It was the Autumn 2000 semester and Mark Prentice, newly elected Curriculum Coordinator for the Social and Cultural Sciences Department sat at a Faculty meeting, listening to the sad tales of Social Science teachers. We wanted to raise the profile of the Social Sciences. We wanted our students to feel proud of their program. We hoped we could get them to refer to the full name of the program, and drop the, “I’m in Social” shorthand. We wanted to have our program seen as something better than a dumping ground for those who couldn’t get into any other.
Mark spoke up. How about showing the community what contributions the social sciences make to help us understand our society? We live in a city of festivals—jazz festivals, lobster festivals, dog-park day festivals—why not a Social Science Festival? The coordinators sitting around the table chuckled. Why not? We let the idea percolate, we brainstormed ideas for guest speakers, we discussed budget, dates, venues. Mark Prentice took the bull by the horns and started organizing.
In the A-2001 semester, just a few short weeks following 9/11, the first Social Science Festival at Vanier College took place. Gwyn Dyer’s presentation, The New War, addressed the events of 9/11, placing them in a broad historical context. The auditorium was packed to the rafters. One of my students remarked, “I’ve never learned so much in such a short time!” Chris Spence came in from Toronto to speak of Racism, Sports and Education. We wished more of our athletes were in attendance. Richard Pound spoke about his experiences with the International Olympic Committee.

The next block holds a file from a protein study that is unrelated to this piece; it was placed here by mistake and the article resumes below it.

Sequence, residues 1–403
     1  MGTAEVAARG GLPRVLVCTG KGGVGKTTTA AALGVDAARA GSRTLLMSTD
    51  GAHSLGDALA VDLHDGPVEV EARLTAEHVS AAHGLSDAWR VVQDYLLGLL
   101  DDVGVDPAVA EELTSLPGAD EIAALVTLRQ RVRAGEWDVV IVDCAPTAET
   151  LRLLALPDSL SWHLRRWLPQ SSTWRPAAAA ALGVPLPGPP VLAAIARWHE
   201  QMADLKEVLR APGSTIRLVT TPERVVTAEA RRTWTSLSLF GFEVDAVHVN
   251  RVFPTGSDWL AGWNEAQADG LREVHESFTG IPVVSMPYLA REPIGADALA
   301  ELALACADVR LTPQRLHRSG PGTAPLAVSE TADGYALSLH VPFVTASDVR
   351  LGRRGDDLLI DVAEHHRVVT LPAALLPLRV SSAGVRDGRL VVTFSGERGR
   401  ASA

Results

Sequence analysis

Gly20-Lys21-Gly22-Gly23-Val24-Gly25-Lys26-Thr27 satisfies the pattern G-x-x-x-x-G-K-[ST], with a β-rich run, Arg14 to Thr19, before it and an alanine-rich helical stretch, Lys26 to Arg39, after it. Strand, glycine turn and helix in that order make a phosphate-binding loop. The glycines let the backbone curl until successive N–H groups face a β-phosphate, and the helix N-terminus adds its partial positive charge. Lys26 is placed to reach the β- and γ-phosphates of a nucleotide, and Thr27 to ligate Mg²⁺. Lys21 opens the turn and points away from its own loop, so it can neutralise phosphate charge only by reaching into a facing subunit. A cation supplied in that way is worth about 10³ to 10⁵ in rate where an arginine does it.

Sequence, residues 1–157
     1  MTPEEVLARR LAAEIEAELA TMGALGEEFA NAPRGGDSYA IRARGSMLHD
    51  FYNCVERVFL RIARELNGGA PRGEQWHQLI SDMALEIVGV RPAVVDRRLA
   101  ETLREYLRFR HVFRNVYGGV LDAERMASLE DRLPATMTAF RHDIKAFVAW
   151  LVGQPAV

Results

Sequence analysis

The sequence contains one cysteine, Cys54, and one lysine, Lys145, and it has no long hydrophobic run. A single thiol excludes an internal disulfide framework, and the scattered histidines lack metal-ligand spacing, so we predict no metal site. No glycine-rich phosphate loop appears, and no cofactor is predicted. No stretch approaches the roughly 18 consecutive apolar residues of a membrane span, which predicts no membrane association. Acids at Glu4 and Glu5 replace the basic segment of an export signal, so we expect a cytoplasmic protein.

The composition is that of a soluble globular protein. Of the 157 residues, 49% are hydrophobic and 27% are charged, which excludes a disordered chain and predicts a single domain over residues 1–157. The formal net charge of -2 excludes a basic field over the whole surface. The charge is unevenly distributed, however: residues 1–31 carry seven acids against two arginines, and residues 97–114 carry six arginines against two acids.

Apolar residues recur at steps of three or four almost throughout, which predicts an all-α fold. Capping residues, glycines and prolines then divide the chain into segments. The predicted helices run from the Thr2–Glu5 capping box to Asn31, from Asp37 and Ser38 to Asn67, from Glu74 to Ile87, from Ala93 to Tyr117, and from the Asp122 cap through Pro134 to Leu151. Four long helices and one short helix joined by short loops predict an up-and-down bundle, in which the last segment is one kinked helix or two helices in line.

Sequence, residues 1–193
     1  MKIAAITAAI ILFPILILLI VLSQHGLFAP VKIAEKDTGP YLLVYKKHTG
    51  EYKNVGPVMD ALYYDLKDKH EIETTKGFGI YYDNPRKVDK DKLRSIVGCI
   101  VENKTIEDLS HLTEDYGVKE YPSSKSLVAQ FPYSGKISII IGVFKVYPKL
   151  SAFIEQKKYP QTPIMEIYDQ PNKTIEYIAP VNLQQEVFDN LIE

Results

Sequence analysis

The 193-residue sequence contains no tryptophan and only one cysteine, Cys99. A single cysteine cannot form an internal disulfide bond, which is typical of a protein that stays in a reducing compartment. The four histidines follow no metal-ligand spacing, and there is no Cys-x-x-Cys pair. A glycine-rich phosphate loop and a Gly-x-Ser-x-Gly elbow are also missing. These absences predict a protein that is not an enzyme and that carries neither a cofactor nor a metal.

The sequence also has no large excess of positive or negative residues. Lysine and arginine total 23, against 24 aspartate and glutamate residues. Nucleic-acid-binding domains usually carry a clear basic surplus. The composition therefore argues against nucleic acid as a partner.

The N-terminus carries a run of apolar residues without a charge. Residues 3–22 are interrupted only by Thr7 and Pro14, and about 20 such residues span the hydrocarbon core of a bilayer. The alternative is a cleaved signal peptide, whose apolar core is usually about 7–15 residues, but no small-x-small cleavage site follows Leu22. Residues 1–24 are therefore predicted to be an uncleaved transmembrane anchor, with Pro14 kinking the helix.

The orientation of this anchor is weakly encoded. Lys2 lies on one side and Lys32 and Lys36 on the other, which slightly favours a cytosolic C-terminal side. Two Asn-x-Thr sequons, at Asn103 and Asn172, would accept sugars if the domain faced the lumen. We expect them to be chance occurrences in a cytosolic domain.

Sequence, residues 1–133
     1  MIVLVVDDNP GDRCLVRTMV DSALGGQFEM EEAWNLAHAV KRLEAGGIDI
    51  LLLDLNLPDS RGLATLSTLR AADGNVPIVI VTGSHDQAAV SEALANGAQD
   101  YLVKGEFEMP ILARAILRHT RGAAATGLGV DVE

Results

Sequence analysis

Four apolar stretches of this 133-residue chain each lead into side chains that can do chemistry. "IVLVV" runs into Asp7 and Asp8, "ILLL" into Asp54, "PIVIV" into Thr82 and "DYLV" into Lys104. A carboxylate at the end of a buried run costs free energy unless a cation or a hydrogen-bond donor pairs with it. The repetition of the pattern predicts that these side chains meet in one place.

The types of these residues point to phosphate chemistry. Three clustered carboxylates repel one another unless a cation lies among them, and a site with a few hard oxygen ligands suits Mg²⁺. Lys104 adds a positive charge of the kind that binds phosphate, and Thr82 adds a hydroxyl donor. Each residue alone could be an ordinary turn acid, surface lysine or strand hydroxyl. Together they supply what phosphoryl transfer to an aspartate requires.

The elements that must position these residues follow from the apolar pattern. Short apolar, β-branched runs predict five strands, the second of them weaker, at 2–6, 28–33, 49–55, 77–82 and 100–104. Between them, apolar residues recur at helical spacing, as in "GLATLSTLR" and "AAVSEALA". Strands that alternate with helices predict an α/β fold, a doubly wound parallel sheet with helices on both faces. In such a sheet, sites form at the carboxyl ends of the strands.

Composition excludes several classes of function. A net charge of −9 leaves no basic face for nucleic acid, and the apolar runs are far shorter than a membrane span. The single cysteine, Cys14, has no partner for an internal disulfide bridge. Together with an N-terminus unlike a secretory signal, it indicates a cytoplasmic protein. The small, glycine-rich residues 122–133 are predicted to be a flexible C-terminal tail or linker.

Local talent also came forward: Matthieu Sossoyan initiated the Archeological Dig, which is back each year by popular demand and which led to the History of Vanier site (found under H in the home page Index). Nancy Wargny spoke of the Aids Epidemic in Africa. Karen Tee, Sevak Manjikian, Nancy Leclerc, Eric Lamoureux—and many more, addressed topics of relevance to students’ personal lives as well as to their citizenship in the world.
On his own time, Mark organized the Festival for three years straight, and each year it grew in import and participation. By the time he passed it on to Myriam Mansour, and then to Miles De Nora, the Social Science Festival had grown into a week long event, significantly contributing to the life of Vanier College.
Every year we invite teachers and students from all programs to the Social Science Festival. That buzz you hear in the hallways may very well be inspired by one of the Festival events. Arrange to be part of it!
Source: VCTA newsletter, Vol 24 No 2, Oct 2006